Craig Keener’s “Impossible Love” (Gupta)

Impossible LoveI won’t offer a full-fledged review, but allow me to recommend to you Craig Keener and Medine Moussounga Keener’s c0-autobiography, Impossible Love: The True Story of an African Civil War, Miracles, and Hope against All Odds (Baker, 2016).

Craig is not the kind of person to parade his life around and seek fame and stardom, so I Keenerknow his and Medine’s desire is to glorify God, encourage believers, and inspire faith. This book, well written, tells the tale of the ups and many downs of their separate and then (finally) united lives. It is very uplifting and makes me appreciate all the more knowing and being encouraged by Craig, and knowing scholars of such deep (yet humble) faith who are not hardened by the academic world. At times I did get lost in the details of the African civil war, but the wider story is very touching. So glad you two are together –  thanks for blessing us with your story, Craig and Medine!

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Paul and His Recent Interpreters, NTW, Part 2 (Gupta)

Wright PRIHere we launch into a discussion of NT Wright’s new Paul and His Recent Interpreters.

In chapter one, Wright commences by “setting the stage” of the discussion of Paul with a focus on the last century or so. He notes the formative influence of FC Baur (19th century) and the early 20th century debates about how Jewish Paul was in his upbringing, education, and thought. I particularly appreciated, in this chapter, his interest in the question of whether or not modern concerns should influence our readings of Paul. As always, Wright encourages a nuanced methodology that engages in the fourfold task of “history, content (in Paul’s case, ‘theology’), exegesis and application” (6).

In the second chapter, Wright turns to how theologies of Paul have developed, so naturally he takes a strong interest in the Reformation readings. He acknowledges that there was an obsession in that time period with the afterlife. Why?

Luther, Calvin, and their sixteenth-century colleagues, understandably granted the age in which they lived, were dominated in their approach to soteriology by the questions bequeathed to all Europe by the later mediaeval period, with its often short and brutal human life. What will happen to me after I die? (31)

In his comparison of Luther vs. Calvin on Paul, Wright is quite blunt in his assertion that Calvin did much better, esp with regards to allowing Christians to make sense of and find (positive) value in the OT Law (32). The next key figure that Wright highlights in this chapter is Albert Schweitzer. Wright sees the contributions of Schweitzer as a major step forward in Pauline scholarship as the Jewishness of Paul is recognized and affirmed by Schweitzer (see 34-35), despite the awkwardness of Schweitzer’s language of “Christ-mysticism” (35). Wright goes as far as to compare the thinking of Calvin and Schweitzer, finding them almost two peas in the same theological pod (See 37)! Along these lines Wright strongly affirms Schweitzer’s emphasis on being-in-Christ:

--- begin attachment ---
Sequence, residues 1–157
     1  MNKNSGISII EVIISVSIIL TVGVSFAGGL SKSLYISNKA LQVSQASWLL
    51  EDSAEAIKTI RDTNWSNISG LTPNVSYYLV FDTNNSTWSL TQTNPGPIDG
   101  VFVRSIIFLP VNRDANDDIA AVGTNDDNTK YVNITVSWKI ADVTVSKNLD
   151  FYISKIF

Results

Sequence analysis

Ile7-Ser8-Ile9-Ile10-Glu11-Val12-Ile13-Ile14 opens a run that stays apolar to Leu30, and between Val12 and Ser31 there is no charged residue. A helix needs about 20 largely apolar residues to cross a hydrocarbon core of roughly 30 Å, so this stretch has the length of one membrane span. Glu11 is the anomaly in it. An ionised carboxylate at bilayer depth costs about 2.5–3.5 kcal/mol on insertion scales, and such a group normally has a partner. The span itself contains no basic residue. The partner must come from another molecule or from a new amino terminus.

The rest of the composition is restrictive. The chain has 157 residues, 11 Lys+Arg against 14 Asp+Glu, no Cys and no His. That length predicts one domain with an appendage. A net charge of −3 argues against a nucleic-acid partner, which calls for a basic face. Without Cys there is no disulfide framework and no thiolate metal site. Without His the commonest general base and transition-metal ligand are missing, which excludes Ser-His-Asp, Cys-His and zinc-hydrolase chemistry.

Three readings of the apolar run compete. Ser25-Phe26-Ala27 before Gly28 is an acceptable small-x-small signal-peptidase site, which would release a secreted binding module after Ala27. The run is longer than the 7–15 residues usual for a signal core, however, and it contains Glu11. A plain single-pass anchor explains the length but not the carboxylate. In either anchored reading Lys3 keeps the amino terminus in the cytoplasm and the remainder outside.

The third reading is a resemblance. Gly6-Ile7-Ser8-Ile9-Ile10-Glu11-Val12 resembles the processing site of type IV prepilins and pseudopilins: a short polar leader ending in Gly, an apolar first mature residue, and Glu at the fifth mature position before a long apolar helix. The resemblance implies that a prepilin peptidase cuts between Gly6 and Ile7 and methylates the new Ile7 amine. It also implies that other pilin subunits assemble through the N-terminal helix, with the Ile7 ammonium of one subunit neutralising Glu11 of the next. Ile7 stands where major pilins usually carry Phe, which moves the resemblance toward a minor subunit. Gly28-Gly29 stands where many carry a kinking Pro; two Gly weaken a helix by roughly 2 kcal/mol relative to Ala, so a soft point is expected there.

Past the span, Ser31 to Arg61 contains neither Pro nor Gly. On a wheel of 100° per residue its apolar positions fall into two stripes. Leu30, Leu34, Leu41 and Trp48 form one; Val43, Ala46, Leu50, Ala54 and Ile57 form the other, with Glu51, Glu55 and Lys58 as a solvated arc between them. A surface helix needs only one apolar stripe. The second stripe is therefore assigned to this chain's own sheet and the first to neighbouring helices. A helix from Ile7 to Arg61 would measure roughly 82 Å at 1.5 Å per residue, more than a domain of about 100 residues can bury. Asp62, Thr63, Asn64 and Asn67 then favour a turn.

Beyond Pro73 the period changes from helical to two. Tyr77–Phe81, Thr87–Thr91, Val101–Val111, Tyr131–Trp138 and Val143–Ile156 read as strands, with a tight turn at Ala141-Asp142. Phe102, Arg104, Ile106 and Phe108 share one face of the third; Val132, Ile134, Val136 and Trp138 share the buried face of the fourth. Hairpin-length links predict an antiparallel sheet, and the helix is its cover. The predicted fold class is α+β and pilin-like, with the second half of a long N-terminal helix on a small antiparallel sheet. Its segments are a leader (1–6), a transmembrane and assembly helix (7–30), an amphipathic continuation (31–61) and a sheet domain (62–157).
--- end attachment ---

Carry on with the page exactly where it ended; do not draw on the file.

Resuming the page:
Schweitzer’s massive reinterpretation of Paul also did its best to reframe the questions that had to be asked, away from the narrow focus of ‘how can I find a gracious God’, or even ‘how can I go to heaven’, and on to the questions of what exactly ‘being in Christ’ might mean, and its consequences, and the question of how the early Christian ‘apocalyptic’ perspective can be retrieved, granted that even Paul’s successors found that task impossible. (38)

Unfortunately, as Wright argues, Schweitzer’s contributions were not taken very seriously at the time and Bultmann came to dominate the academic landscape. As for Bultmann, Wright gives extended attention to his work on Paul. Wright laments that Bultmann did not give much interest to Israel. In summary, Wright comments that “Bultmann’s Paul is an ancient version of a Lutheran existentialist, with little relation to Israel’s scriptures or to the world of contemporary Judaism, drawing instead on gnostic categories to construct a challenge, a daily summons, to live by faith in a world of apparent chaos” (43). Looking ahead, Wright claims that the NPP depended on a kind of return to Schweitzer and a rejection of Bultmann (see 44).

In the remaining pages of the second chapter, Wright gives brief comments on other key interpreters “pre-Sanders” including Bornkamm, Culmann, and Kaesemann. Here Wright challenges the way Kaesemann used the language of “apocalyptic,” signaling rather that it served as a “heuristic device” for the German theologian rather than a historically accurate interpretation of apocalyptic thought (see 56). But Wright commends Kaesemann for affirming Paul as a Jewish thinker (56). Wright continues on after Kaesemann to briefly survey the contributions of Ulrich Wilckens, Cranfield, and Ridderbos.

Summary

This was a fun and fascinating chapter – again, this kind of work (history of scholarship in its context) is a speciality for Wright, and even if one disagrees here and there with an assessment, his understanding of movements, currents, and trends (and why they happened) is undeniably breathtaking. After I read this chapter, I was convinced that this book belongs on par with Wright’s New Testament and the People of God and should be standard graduate reading for students of Paul.

Next up: the emergence of the “New Perspective on Paul”…